New Stadiums Boast New Tech

Despite economic constraints and an ever-intensifying battle for eyeballs, the American heartland continues to unveil new multipurpose entertainment venues. And the Central Hockey League—the NHL’s AA league—aims to cash in on these new arenas to expand its AA fan base.

According to the league’s Director of Operations, Bob Hoffman, almost 2 million people attended CHL’s 16 arenas during the 2008/2009 season. Others watched its Webcast, or followed the games on TV thanks to contracts negotiated by teams.

The BOK Center in Tulsa Okla. includes a $3.6 million, 50,000-pound scoreboard with 10 LED screens to display high-resolution live video, instant replays, statistics, graphics, animation and ads. Denver-based Altitude Sports and Entertainment aired select Colorado Eagles games and a 30-minute monthly team show. They could be seen by 5.6 million cable and satellite TV subscribers in more than 10 states last season, according to Shelly Harper, senior vice president of programming.

CHL’s 18th season will see new teams, new arenas, a revised playoff format and a revitalized Webcast. The Mavericks of Independence, Mo. and Americans of Allen, Tex. will replace the Oklahoma City Blazers and New Mexico Scorpions. Both of the new teams will open home arenas in early November.

The Allen Event Center will accommodate 8,600 (6,275 fixed seats), according to the venue. At press time, Independence Events Center was planning a Nov. 7 Grand Opening for its $68 million, 5,800 fixed-seat multipurpose venue.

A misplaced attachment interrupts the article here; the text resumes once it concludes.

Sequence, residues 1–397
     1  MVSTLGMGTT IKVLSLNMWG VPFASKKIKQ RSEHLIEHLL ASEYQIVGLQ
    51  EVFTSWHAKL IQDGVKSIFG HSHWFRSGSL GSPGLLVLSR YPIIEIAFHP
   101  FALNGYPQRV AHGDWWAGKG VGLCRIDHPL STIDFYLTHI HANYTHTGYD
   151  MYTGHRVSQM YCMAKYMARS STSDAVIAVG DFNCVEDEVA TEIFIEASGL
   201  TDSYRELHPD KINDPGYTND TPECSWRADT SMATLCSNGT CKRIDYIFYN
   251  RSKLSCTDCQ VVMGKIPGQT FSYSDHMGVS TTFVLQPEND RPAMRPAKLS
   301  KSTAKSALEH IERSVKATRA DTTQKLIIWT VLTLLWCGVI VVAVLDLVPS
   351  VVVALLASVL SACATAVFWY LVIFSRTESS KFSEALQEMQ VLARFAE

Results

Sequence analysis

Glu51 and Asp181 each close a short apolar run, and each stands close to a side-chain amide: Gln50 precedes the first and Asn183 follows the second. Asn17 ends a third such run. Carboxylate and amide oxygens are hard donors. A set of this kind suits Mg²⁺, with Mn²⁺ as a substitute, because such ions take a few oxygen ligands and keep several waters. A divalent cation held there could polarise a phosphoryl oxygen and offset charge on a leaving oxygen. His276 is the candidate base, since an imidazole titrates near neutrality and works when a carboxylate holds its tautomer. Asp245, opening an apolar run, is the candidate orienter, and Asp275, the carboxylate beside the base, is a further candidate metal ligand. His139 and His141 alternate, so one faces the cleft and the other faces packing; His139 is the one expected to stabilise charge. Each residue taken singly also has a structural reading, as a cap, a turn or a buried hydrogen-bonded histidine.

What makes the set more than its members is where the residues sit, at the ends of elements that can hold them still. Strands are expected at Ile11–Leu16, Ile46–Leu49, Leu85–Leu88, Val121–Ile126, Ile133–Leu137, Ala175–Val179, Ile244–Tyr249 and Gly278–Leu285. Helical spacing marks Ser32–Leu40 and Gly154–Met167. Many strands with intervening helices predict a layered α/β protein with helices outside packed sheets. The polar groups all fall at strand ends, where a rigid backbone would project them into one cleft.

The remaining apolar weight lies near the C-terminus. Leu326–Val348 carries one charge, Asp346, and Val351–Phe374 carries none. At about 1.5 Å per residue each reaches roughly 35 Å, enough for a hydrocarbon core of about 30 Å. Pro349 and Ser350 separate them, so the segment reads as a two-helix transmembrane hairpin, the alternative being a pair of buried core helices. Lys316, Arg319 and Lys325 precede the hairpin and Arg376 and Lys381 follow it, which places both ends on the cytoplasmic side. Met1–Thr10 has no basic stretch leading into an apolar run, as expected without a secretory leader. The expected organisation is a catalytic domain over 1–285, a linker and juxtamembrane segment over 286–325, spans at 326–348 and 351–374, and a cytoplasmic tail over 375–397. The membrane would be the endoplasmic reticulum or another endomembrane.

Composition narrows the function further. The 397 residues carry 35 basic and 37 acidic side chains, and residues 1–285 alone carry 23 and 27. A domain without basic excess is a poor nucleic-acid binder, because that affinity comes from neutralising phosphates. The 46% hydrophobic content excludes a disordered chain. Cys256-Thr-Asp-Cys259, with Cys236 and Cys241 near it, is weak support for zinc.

A longstanding competitor, the Wichita Thunder will move to glitzy new digs next year. Its current home, the 32-year old Kansas Coliseum located in the Wichita suburb of Park City, accommodates 9,500, according to the team’s general manager, Joel Lomurno who added that it drew an average 5,457 fans per game last year.


Smack in the heart of downtown Wichita, the $185 million Intrust Bank Arena will feature 14,000 seats for Thunder games, according to Lomurno and is expected to open on Jan 23, 2010, in time to host the team’s arch rival, the Tulsa Oilers.

The Oilers moved into the $196 million, state-of-the-art BOK (Bank of Oklahoma) Center in downtown Tulsa last season. Designed by Cesar Pelli, whose landmark creations include Malaysia’s Petronas Twin Towers, the arena accommodates 17,096 fans, according to Steve McCall, the team’s Broadcast/Media Relations Director. He said average attendance increased 29 percent over the previous season’s 4,000 estimate, and noted that 16,986 fans showed up for the opening game.

The BOK Center includes a $3.6 million, 50,000-pound scoreboard designed by the San Francisco-based Forty Forty Agency and manufactured by Daktronics of Brookings, S.D. The 30-foot high by 33 foot wide scoreboard has ten LED screens to display high-resolution live video, instant replays, statistics, graphics, animation and ads. It is suspended by steel cables and two large electronic winches about 25 feet off center ice for hockey games.